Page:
A collection of relevant and timely media clips and resources.
Posted on February 22, 2012
Several pro-Second Amendment bills have been introduced in Mississippi this session and will begin to make their way through the legislative process. Please see below for a brief summary of these NRA-backed bills:
House Concurrent Resolution 30 by state Representatives Carpenter (R-1), Busby (R-111), et al, would provide for a state Right to Hunt and Fish Constitutional Amendment. Fourteen states, including the neighboring states of Alabama, Arkansas, Louisiana and Tennessee have adopted constitutional amendments protecting the right to hunt and fish using traditional means and methods, while preserving the authority of the legislative bodies and relevant state agencies to promote wildlife conservation and management. If passed by the Mississippi Legislature, HC 30 would appear before voters on the November 2012 ballot. This legislation has been referred to the House Constitution Committee.
House Bill 455, authored by state Representative Andy Gipson (R-77), and Senate Bill 2499, authored by state Senator Sean Tindell (R-49), would repeal the state recordkeeping requirement for Federally Licensed Firearm Dealers (FFLs). Federal law requires licensed dealers to keep detailed records of sale and limits the release of this information to cases where bona fide criminal investigations are taking place. Similar state requirements – which allow the general public to view records on law-abiding gun purchasers are redundant, costly and unnecessary. These bills are similar to legislation enacted in 2002 which repealed the recordkeeping requirement for ammunition sales. HB 455 has been referred to the House Judiciary B Committee and SB 2499 has been referred to Senate Judiciary B Committee.
House Bill 695 by state Representative John Moore (R-60) and Senate Bill 2375 by state Senator Chris McDaniel (R-42) would expand Mississippi’s recognition to include all valid out-of-state Carry Permits. Mississippi’s concealed carry law and administrative rules provide for written agreements recognizing concealed carry permits from states that, in turn, agree to recognize Mississippi carry permits. However, some other states’ agencies lack the authority to enter into such written agreements and Mississippi has not responded to overtures made by other states’ agencies that do have such authority. These measures would eliminate some of the bureaucratic hurdles and facilitate recognition of as many states as possible, benefitting permit holders both in and out of Mississippi. HB 695 has been referred to the House Judiciary B Committee and SB 2375 has been referred to Senate Judiciary B Committee.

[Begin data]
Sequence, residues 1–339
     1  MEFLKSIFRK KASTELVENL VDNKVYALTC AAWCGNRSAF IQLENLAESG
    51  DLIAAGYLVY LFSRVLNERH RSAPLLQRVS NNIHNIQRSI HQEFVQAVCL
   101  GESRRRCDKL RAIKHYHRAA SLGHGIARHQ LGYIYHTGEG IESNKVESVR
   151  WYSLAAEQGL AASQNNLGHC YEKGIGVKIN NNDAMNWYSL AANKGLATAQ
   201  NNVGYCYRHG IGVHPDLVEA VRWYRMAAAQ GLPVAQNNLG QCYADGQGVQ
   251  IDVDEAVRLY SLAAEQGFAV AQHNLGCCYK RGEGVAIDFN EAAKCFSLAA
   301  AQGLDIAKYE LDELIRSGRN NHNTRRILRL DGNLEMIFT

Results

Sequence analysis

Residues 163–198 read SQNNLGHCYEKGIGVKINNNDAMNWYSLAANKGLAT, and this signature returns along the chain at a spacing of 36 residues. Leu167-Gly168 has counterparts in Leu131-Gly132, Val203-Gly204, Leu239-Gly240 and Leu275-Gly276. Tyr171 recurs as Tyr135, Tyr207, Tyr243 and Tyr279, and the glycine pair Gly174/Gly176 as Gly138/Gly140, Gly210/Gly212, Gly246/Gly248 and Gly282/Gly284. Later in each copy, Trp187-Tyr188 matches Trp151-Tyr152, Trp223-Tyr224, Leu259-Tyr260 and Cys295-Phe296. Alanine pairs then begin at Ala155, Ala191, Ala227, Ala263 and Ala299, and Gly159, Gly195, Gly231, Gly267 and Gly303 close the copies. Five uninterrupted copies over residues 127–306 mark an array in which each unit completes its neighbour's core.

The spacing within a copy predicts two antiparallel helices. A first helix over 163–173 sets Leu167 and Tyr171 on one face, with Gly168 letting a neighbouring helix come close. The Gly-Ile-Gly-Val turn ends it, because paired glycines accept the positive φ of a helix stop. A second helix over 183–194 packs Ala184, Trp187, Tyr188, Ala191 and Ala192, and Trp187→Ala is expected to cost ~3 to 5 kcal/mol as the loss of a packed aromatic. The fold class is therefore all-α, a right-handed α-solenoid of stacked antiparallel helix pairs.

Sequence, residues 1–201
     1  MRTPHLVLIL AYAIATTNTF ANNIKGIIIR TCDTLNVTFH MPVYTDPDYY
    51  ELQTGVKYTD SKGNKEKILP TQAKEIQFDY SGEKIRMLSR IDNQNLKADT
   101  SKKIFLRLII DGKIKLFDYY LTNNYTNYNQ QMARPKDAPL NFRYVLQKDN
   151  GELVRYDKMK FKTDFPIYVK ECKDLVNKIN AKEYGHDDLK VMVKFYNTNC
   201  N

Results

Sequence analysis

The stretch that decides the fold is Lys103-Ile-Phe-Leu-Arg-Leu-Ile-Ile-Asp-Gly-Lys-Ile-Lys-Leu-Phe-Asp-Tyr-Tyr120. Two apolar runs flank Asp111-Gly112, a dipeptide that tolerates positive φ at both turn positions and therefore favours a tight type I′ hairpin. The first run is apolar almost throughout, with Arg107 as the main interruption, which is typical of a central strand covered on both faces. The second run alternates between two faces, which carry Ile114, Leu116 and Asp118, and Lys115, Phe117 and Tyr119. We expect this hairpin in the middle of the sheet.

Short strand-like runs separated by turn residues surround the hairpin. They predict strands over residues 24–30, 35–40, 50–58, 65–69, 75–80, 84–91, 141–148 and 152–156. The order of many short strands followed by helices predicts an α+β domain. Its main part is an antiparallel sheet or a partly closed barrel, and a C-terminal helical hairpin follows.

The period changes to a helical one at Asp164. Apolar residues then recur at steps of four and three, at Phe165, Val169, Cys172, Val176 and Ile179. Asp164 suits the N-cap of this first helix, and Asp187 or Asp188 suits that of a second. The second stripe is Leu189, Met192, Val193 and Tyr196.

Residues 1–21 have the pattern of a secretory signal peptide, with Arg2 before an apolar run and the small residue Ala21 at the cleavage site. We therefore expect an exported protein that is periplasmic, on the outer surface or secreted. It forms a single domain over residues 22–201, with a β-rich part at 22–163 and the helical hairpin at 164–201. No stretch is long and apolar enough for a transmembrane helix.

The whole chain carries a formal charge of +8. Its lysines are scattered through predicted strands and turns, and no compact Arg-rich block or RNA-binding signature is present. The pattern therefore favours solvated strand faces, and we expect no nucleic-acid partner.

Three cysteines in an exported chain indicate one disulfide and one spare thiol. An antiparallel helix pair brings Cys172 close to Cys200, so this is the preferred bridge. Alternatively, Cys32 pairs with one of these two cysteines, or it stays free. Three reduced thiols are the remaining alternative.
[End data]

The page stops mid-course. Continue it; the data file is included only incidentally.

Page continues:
House Bill 627 by state Representative Gary Chism (R-37) and Senate Bill 2435 by state Senator Joey Fillingane (R-41) seek to prohibit local taxpayer-funded gun buyback programs. Local governments hosting these events, which often result in the destruction of functioning and serviceable firearms, is an irresponsible waste of taxpayer dollars. This legislation would end participation in such programs – unless the city or county or state agency agrees to auction off collected firearms to federally-licensed dealers in accordance with procedures in current law that allow police departments and sheriffs’ offices to do the same with guns seized in connection with crimes. HB 627 has been referred to House Judiciary B Committee and SB 2435 is currently in Senate Judiciary B Committee.
House Bill 353, the Honesty in Purchasing Firearms Act, was authored by state Representative Bill Denny (R-64) and has been referred to House Judiciary B Committee. This bill, based on Virginia law and national ALEC model legislation, makes it a felony to knowingly deceive a licensed firearm dealer in order to purchase or transfer firearms. New York City Mayor and billionaire gun control activist Michael Bloomberg, in an effort to blame states with less stringent firearms laws on his city’s crime problems, has hired unauthorized non-commissioned personnel to attend out-of-state gun shows and attempt to engage licensed dealers and private sellers in what appear to be unlawful sales. HB 353 would make these so-called “undercover sting” operations -- which interfere with legitimate in-state and federal law enforcement policing of transactions and vendors at these events – illegal to conduct.
Your NRA-ILA will continue to update you on the status of the bills listed above throughout this 2012 Legislative Session.
To view a list of the state Representatives on the above committees, please click here. To view a list of the state Senators on the above committees, please click here. All legislators may be reached by calling (601) 359-3770.
Mississippi, Right to Hunt and Fish, Right-To-Carry
Established in 1975, the Institute for Legislative Action (ILA) is the "lobbying" arm of the National Rifle Association of America. ILA is responsible for preserving the right of all law-abiding individuals in the legislative, political, and legal arenas, to purchase, possess and use firearms for legitimate purposes as guaranteed by the Second Amendment to the U.S. Constitution.READ MORE
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